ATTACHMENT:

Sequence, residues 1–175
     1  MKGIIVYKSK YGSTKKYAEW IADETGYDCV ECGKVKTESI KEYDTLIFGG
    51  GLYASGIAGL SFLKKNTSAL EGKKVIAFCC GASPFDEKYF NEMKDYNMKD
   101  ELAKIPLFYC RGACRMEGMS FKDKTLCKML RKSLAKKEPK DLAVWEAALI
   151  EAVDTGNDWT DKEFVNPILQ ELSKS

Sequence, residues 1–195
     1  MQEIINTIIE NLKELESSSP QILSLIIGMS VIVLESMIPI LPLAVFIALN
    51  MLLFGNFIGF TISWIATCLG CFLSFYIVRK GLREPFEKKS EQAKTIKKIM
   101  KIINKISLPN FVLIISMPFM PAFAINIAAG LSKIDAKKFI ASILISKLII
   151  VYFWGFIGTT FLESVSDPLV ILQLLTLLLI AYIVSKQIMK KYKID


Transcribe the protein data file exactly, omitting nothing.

Sequence, residues 1–175
     1  MKGIIVYKSK YGSTKKYAEW IADETGYDCV ECGKVKTESI KEYDTLIFGG
    51  GLYASGIAGL SFLKKNTSAL EGKKVIAFCC GASPFDEKYF NEMKDYNMKD
   101  ELAKIPLFYC RGACRMEGMS FKDKTLCKML RKSLAKKEPK DLAVWEAALI
   151  EAVDTGNDWT DKEFVNPILQ ELSKS

Sequence, residues 1–195
     1  MQEIINTIIE NLKELESSSP QILSLIIGMS VIVLESMIPI LPLAVFIALN
    51  MLLFGNFIGF TISWIATCLG CFLSFYIVRK GLREPFEKKS EQAKTIKKIM
   101  KIINKISLPN FVLIISMPFM PAFAINIAAG LSKIDAKKFI ASILISKLII
   151  VYFWGFIGTT FLESVSDPLV ILQLLTLLLI AYIVSKQIMK KYKID